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Trailer | Goin’ Back to T-Town | American Experience

The story of Greenwood, an extraordinary Black community in Tulsa, Oklahoma, that prospered during the 1920s and 30s despite rampant and hostile segregation. Torn apart in 1921 by one of the worst racially-motivated massacres in the nation’s history, the neighborhood rose from the ashes.

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7m 25s

Chapter 1 | The Codebreaker

The fascinating story of Elizebeth Smith Friedman, the groundbreaking cryptanalyst who helped lay the foundation for modern codebreaking today.

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0m 30s

Trailer | The Codebreaker | American Experience

The story of Elizebeth Smith Friedman, the groundbreaking cryptanalyst whose painstaking work to decode thousands of messages for the U.S. government would send infamous gangsters to prison in the 1920s and bring down a massive, near-invisible Nazi spy ring in WWII.

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1m 25s

Extended Trailer | The Codebreaker | American Experience

The Codebreaker reveals the fascinating story of Elizebeth Smith Friedman, the groundbreaking cryptanalyst whose painstaking work to decode thousands of messages for the U.S. government would send infamous gangsters to prison in the 1920s and bring down a massive, near-invisible Nazi spy ring in WWII.

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1m 14s

William Friedman: Cryptologist

William F. Friedman married Elizebeth Friedman in 1917 and the two began a life of codebreaking for the U.S. Government. During WWI, they invented new methods of codebreaking and laid the foundation for modern cryptology.

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1m 6s

Elizebeth Friedman: Cryptanalyst Pioneer

Elizebeth Smith Friedman was an American codebreaker from Indiana. During Prohibition, her decrypts and testimony brought down international drug rings and liquor smugglers. Friedman’s codebreaking in WWII enabled the US to win the “Battle of the Atlantic” and smash Nazi spy rings.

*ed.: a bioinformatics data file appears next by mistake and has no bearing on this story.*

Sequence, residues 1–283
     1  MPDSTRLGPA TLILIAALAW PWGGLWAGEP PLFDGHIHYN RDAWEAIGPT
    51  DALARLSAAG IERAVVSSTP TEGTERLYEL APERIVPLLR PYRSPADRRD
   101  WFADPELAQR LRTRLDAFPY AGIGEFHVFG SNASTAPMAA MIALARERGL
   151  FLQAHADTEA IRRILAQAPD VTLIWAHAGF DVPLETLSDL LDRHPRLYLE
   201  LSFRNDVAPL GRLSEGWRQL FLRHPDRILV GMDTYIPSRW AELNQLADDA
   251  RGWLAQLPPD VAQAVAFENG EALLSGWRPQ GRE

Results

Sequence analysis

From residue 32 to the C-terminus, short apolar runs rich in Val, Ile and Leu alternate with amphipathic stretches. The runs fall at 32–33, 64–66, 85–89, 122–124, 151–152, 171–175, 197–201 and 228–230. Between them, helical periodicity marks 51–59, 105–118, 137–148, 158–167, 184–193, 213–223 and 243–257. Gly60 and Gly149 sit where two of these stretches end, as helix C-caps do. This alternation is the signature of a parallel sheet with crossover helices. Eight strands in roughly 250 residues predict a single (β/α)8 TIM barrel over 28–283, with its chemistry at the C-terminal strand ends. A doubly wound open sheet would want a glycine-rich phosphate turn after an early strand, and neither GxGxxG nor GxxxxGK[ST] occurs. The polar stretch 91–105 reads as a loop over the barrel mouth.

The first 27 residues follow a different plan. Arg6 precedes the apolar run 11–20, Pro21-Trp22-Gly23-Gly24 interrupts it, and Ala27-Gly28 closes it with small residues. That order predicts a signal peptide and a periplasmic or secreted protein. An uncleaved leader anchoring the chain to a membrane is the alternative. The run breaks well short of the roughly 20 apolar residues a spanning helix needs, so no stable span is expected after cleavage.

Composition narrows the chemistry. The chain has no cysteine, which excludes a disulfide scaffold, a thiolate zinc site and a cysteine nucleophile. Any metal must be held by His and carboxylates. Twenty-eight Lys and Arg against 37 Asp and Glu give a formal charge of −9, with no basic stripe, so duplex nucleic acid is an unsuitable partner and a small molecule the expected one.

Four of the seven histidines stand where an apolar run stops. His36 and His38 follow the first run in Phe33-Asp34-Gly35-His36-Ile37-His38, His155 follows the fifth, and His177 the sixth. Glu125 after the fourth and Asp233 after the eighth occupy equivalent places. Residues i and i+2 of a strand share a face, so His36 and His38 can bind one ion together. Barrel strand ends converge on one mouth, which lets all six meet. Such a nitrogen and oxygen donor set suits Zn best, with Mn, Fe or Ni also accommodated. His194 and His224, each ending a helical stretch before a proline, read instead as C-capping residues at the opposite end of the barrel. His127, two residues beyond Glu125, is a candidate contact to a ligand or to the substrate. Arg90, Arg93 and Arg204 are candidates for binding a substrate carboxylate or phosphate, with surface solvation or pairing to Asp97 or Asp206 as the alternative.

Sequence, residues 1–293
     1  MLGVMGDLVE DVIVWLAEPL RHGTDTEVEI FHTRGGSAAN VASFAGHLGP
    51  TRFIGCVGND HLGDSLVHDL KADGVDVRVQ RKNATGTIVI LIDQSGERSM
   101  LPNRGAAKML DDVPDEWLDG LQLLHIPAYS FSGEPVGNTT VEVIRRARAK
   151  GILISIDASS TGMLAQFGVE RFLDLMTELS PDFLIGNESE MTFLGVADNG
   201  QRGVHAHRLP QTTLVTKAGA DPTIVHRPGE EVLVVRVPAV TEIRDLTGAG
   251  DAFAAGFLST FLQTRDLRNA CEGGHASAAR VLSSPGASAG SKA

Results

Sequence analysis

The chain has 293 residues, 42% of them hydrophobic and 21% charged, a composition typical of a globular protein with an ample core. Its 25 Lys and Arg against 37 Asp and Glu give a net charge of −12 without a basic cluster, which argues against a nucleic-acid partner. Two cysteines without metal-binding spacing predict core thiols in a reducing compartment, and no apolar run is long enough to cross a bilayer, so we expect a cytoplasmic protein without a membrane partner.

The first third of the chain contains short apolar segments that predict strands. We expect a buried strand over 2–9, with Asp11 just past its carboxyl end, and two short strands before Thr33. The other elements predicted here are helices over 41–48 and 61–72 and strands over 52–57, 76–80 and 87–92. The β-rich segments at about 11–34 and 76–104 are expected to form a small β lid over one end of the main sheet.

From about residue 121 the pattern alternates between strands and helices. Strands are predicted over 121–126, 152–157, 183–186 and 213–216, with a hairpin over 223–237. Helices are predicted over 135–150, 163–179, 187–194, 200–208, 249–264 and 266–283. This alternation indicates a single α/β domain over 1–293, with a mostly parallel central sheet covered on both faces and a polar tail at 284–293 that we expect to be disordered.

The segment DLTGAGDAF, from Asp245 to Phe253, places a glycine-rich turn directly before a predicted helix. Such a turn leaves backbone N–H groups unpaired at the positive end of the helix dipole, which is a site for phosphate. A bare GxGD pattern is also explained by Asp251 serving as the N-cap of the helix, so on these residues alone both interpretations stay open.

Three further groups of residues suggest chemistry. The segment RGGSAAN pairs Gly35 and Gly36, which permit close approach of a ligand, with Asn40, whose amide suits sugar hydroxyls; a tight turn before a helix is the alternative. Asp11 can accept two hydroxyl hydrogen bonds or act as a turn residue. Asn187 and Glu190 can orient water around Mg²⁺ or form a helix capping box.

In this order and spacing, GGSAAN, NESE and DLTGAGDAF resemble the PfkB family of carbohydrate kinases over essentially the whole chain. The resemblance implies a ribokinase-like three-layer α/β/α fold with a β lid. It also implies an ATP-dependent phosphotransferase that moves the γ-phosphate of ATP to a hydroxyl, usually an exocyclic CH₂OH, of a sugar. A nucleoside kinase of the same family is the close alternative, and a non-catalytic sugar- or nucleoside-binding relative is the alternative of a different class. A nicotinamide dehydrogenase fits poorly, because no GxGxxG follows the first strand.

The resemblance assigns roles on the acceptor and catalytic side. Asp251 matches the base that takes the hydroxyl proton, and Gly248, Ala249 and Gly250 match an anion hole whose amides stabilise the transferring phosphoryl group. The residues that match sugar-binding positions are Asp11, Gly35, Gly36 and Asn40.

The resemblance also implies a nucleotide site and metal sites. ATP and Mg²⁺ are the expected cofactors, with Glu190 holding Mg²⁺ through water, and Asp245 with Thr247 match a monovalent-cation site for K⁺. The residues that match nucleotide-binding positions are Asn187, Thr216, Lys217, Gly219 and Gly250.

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1m 19s

Greenwood

In the early 1900s, a group of black businessmen purchased land in the northeast section of Tulsa, Oklahoma. They called their community Greenwood.

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0m 30s

Trailer | The Vote, Part 2

Part Two examines the mounting dispute over strategy and tactics, and reveals how the pervasive racism of the time, particularly in the South, impacted women's fight for the vote.

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9m 35s

Chapter 1 | The Vote, Part 2

Part Two examines the mounting dispute over strategy and tactics, and reveals how the pervasive racism of the time, particularly in the South, impacted women's fight for the vote.

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13m 52s

The Race to Ratification

The women of New York came together like nowhere else to push for their state’s ratification of the 19th Amendment and win a pivotal victory in the long fight for women’s suffrage.

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10m 1s

The Ongoing Fight

Black women have long been at the forefront of the right to vote. Today, 100 years after the passage of the 19th Amendment and 55 years after the Voting Rights Act, their fight continues.

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1m 29s

The Early Suffragists

They were just some of the first generation of suffragists: Elizabeth C. Stanton, Lucretia Mott, Lucy Stone, Sojourner Truth, Frances Ellen Watkins Harper, Sarah Remond, Susan B. Anthony.

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0m 59s

She Resisted

She Resisted explores the final decade of the women’s suffrage movement through its most powerful images, brought to life with color for the first time. Live through the epic 1913 Washington, D.C. procession, in which thousands of women took to the streets to demand their right to the franchise; thrill at Ida B. Wells’s successful voter registration drive; and admire suffragists’ commitment.

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7m 42s

From Women’s Suffrage to the ERA

Virginia recently became the latest state to ratify a constitutional amendment that the country has been fighting about for nearly 100 years since it was first proposed by Alice Paul and other women's suffragists. Has the United States reached a tipping point in the fight to ratify the Equal Rights Amendment?

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1m 24s

Ida B Wells : The Advocate

Ida B. Wells, a prominent journalist exposed racial violence in the South and led a trip to Washington, D.C. in 1913 to march in the national suffrage parade.

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1m 7s

Alice Paul: The Militant

While studying in London, Alice Paul joined the 'suffragettes'. In the summer of 1909, she and 111 other suffragettes were arrested. In jail, she declared herself a political prisoner, refused nourishment and was force fed twice daily — some fifty-five times.

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